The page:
Waiting for the whites of their eyes

Written by Jason Seidl, Wall Street Contributing Editor
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Since March we have been very cautious on the near-term prospects for the railroad stocks, warning investors on multiple occasions about the disappointing volume outlook for the group. These warnings have proven timely as the group has fallen 9% in 2Q 2015 and 14% year to date. Earnings expectations have been coming in, but the big question in the minds of investors has been if/when to put more money to work in the railroads. We believe the group is still a good long-term spot for investors to park their money but acknowledge that timing will be imperative in order to maximize returns.

Rail stocks have been coming under pressure in 2015, largely due to cyclical and timing issues. Despite some saying the recent trends are “death knells” for the rail group, none of the issues appear structural in nature, in our opinion. Last year, rail volumes soared, forcing most carriers to play catch up in terms of people and power for most of 2014 and creating difficult comparisons for this year. The second quarter represented the most difficult year-over-year volume comparisons for the rails, while the third and fourth quarters were also strong. This high hurdle, coupled with overall carload weakness, has driven volumes down in 2015. The carload weakness has been driven primarily by coal, agricultural products, metals, and non-metallic minerals. Coal’s ongoing slide is attributed to a combination of lower natural gas prices, plant closures, a strong U.S. dollar, weak demand from China and continued cheap prices for Australian coal. Agricultural weakness has been driven by the aforementioned impacts of the U.S. dollar on grain prices, which has pushed more product into storage. Metals and non-metallic minerals have also suffered from lower frac sand demand and currency pressures, as well as overproduction of metals by Asian countries. (It should be noted that anti-dumping cases have been filed by the U.S. against several Asian countries and Italy.)

The bright spots for the rails have been intermodal and automotive traffic, which are up 3.4% and 5.2%, respectively, this year. Intermodal demand remains high even as carriers are hiking rates and the economy is sluggish. We attribute this to the continued tightness in the truckload marketplace and fears by the shipping community that the lack of available drivers will not be solved any time soon by the industry. Automotive traffic continues to flow as U.S. auto sales have outpaced expectations, with data in May showing a 2% gain, with 1.64 million cars and trucks being sold. Despite this strength, total rail traffic remains under pressure in mid-June and is not likely to make a significant recovery in 2015 in our view.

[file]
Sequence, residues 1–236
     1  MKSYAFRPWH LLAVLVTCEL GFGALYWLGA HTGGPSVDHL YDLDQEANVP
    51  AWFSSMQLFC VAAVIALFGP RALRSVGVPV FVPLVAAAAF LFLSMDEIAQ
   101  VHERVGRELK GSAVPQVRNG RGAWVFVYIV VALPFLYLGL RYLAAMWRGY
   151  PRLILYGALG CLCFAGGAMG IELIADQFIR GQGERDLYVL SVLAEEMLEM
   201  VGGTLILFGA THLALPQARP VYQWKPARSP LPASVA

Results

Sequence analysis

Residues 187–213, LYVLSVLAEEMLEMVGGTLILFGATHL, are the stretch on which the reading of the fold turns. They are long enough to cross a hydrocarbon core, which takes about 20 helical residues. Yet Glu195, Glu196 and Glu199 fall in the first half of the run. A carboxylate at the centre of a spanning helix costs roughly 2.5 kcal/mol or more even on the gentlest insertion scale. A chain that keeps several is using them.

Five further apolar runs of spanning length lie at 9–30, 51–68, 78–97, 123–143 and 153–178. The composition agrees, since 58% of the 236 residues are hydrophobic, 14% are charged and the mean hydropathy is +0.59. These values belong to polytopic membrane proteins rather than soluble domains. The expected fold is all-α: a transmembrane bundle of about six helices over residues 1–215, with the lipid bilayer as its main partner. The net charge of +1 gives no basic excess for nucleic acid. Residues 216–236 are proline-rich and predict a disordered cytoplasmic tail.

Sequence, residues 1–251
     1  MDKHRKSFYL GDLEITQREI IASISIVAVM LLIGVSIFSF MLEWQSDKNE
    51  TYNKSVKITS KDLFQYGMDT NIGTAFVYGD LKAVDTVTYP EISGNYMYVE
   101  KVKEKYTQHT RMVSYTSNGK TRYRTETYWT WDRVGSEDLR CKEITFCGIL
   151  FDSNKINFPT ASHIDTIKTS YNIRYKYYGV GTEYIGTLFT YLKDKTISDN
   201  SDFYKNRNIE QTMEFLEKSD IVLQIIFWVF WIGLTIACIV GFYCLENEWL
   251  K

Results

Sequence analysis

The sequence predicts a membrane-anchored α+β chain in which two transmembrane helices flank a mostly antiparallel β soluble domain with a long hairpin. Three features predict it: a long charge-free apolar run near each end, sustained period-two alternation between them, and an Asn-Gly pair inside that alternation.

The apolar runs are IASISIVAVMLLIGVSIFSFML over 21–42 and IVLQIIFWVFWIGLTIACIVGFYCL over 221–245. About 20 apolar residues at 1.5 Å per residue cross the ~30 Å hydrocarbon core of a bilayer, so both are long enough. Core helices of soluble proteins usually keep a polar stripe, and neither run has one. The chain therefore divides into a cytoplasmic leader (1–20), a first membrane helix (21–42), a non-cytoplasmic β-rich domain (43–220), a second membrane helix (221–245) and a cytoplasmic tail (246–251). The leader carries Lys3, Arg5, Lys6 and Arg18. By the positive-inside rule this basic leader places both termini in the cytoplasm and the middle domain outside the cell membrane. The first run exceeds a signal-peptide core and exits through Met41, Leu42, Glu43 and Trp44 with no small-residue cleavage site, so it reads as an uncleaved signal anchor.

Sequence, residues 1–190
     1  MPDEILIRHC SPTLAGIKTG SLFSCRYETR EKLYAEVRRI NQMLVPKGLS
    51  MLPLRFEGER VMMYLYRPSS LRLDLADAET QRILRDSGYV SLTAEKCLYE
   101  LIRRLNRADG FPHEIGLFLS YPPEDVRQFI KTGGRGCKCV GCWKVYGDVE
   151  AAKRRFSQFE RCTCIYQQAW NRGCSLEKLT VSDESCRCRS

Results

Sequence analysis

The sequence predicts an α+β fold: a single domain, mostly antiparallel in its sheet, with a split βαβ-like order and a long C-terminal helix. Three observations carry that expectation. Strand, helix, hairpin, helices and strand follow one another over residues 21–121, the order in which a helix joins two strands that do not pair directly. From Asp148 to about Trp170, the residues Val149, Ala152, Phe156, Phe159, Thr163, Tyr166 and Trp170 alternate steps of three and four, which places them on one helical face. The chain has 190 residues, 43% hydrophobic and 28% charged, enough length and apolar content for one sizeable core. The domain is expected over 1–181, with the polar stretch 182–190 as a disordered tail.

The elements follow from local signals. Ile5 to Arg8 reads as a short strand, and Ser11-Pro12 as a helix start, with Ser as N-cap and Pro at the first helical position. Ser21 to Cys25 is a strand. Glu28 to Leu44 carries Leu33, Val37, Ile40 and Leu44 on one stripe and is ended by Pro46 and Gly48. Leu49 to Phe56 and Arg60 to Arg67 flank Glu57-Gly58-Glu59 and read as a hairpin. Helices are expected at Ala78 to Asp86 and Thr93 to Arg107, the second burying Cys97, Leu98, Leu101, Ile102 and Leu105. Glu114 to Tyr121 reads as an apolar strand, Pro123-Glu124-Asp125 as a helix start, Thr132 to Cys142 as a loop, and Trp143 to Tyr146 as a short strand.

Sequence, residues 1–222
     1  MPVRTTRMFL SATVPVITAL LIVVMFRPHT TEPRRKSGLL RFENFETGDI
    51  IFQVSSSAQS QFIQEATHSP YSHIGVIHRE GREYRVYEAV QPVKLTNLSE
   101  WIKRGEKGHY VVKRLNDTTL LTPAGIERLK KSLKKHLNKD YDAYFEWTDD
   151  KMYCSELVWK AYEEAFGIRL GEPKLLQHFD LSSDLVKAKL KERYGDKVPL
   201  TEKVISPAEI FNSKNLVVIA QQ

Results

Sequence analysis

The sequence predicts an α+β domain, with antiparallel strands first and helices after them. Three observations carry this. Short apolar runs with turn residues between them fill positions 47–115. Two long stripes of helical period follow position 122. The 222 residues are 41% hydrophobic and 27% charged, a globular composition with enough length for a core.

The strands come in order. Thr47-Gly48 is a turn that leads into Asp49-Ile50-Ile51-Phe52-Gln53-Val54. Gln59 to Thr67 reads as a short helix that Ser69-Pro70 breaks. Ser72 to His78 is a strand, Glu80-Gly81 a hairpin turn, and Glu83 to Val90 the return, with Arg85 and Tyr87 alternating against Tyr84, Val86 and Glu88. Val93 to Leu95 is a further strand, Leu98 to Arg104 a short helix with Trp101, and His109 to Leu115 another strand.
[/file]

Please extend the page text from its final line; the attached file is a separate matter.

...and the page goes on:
As we head into second-quarter earnings, investors will be looking for positive signs, and we believe there will be some. Indeed, pricing should continue to show strength for the rails, with truck competitive freight leading the way. Railroads are also likely to support their shares at a greater-than-anticipated rate, as companies take advantage of the selloff in their own shares. This selloff has placed most rail names down 11% to 23% for the year, with CSX being the lone exception, down just 4.6% due to ongoing speculation of activist involvement. This has left the rail group average trading at 14.3x 2016 earnings expectations, down from their average of roughly 17.0x over the past five years and below the current S&P 500 multiple of approximately 21x. The more shares fall and the more earnings expectations come in, the more quickly our near-term concerns for the group go away. In that scenario, investors could see the purchases of rail stocks de-risked even further than they already have been. Longer-term investors are likely in a good position to pull the proverbial trigger as they are close to seeing the whites of the railroads’ eyes.

Categories: Class I, Finance/Leasing, Intermodal Tags: